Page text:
Since mid-2017 we've been talking about the impending arrival of USB 3.2, the next version of the USB Implementers Forum's ubiquitous standard for connecting external devices. With 3.2 serving as both an upgrade to the feature set and a physical layer tweak to provide more bandwidth, according to the USB-IF at MWC 2019, the technology will finally come to fruition this year.

According to the organization that sets the standards for the USB interface, discrete USB 3.2 controllers capable of supporting the standard's new 20 Gb/s Type-C mode will be available this year. Being a specification-setting group, the USB Implementers Forum does not name companies that develop actual chips. But given the limited number of companies that develop standalone USB controllers, the names of the suspects are pretty well known.

Since discrete USB controllers are used mostly by high-performance desktop systems, we're likely to see the first USB 3.2 chips to land on high-end motherboards first. In which case we could see motherboard venders showing off product sometimes this summer, or maybe a bit later. Meanwhile peripherals will likely lag a bit for compatibility testing and the like, in which case we'd start seeing them in 2020.

Though technically only a point upgrade for the USB standard, USB 3.2 includes multiple enhancements for the standard in terms of bandwidth, as well as changes to how the standard is branded. In terms of bandwidth, USB 3.2 introduces the ability to use two high-speed USB Type-C Tx/Rx channels – the so-called x2 mode – to get 20 Gbps maximum throughput on a Type-C cable. The technology retains the USB 3.1 physical layer data rates and encoding techniques (SuperSpeed and SuperSpeed+), so while bonding two channels is new, how those individual channels work at a low-level is not.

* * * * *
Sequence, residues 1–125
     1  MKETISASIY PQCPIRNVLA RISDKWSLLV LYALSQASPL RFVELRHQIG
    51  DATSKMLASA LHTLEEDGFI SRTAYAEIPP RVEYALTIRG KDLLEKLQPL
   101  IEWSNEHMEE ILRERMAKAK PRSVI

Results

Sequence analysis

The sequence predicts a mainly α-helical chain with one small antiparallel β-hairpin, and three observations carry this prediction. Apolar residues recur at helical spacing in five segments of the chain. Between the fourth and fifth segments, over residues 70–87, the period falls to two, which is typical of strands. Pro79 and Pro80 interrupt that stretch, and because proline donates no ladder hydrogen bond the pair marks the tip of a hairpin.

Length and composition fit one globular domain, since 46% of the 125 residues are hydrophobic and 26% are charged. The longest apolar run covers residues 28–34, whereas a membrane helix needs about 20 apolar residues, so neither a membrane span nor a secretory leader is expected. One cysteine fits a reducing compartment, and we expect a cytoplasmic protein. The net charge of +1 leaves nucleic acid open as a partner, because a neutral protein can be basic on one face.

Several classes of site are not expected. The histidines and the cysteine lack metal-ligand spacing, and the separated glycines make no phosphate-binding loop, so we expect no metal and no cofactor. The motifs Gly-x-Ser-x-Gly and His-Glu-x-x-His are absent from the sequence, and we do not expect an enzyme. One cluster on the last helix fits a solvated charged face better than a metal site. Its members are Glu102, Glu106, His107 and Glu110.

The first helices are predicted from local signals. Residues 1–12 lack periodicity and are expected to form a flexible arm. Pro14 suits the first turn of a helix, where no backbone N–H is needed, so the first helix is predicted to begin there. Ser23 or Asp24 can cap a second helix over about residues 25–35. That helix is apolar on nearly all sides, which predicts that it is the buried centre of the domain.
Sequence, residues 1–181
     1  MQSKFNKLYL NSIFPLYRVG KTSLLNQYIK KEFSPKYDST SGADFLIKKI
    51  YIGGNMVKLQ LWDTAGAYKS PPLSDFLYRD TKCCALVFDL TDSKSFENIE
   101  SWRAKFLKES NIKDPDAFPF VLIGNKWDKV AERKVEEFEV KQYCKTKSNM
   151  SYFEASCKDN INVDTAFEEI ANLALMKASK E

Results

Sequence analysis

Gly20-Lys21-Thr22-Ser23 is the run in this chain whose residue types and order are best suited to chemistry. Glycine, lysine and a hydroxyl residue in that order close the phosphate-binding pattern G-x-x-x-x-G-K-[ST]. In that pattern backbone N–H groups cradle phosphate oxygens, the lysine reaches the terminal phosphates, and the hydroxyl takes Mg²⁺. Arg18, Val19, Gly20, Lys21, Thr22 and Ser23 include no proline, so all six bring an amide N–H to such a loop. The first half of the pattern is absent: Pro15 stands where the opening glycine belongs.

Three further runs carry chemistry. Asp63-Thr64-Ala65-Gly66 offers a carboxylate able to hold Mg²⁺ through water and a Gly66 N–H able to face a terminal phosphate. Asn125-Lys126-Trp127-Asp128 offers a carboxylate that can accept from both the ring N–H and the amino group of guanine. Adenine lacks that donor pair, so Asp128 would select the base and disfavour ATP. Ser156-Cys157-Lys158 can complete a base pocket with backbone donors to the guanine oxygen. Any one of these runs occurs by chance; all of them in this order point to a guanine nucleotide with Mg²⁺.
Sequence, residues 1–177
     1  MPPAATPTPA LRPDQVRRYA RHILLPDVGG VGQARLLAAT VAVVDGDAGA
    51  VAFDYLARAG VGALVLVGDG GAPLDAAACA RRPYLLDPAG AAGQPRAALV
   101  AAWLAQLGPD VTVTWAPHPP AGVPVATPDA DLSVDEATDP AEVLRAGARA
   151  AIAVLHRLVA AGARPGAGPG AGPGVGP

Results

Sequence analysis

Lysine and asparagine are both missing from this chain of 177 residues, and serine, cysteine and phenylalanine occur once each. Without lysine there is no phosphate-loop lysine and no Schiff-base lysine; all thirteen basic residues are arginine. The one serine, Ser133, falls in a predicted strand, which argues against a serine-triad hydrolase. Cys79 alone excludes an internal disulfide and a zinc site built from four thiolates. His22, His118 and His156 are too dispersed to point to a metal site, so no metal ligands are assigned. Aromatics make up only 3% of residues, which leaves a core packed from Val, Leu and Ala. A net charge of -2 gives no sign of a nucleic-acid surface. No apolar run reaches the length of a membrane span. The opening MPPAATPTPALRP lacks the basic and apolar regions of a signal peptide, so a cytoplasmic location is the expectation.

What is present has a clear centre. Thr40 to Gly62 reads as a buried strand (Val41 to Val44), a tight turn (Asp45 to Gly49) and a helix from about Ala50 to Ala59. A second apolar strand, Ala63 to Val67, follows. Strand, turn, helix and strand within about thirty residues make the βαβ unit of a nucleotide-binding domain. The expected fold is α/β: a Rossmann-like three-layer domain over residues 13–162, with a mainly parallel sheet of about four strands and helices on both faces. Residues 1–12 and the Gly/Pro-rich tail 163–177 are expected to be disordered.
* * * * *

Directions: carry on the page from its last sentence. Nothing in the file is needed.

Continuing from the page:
Meanwhile, USB 3.2 branding will be absorbing the earlier USB 3.0/3.1 branding, as the overriding USB 3.x standard continues to evolve separately of the underlying SuperSpeed encoding technique. As USB 3.2 hosts and devices roll out on the market, we’ll see the branding switch over to USB 3.2 Gen 1 (5Gbps SuperSpeed), USB 3.2 Gen 2 (10Gbps SuperSpeed+), and USB 3.2 Gen2x2 (2x10Gbps SuperSpeed+). So while all future products will be 3.2, they won't necessarily support the higher 10Gbps and 20Gbps data rates. Those decisions are up to the device manufacturer, especially as not all devices need the higher speed modes and the increased build costs that come with them.

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Source: USB Implementers Forum

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  • peevee - Tuesday, February 26, 2019 - link

    It should, regardless. And charge at 20V 5A at least for the first 50%.
  • Ashinjuka - Tuesday, February 26, 2019 - link

    USB-IF should be ASHAMED of themselves for this unabashed marketing fuck-everyone-on-earth-except-us bullshit naming scheme.
  • Dug - Tuesday, February 26, 2019 - link

    Takes a long time to make the specification.
    A bunch of guys sitting around a table and they say, hey lets double the bandwidth!
    Job done.

    Next 2 years will be same guys saying, hey lets double the bandwidth!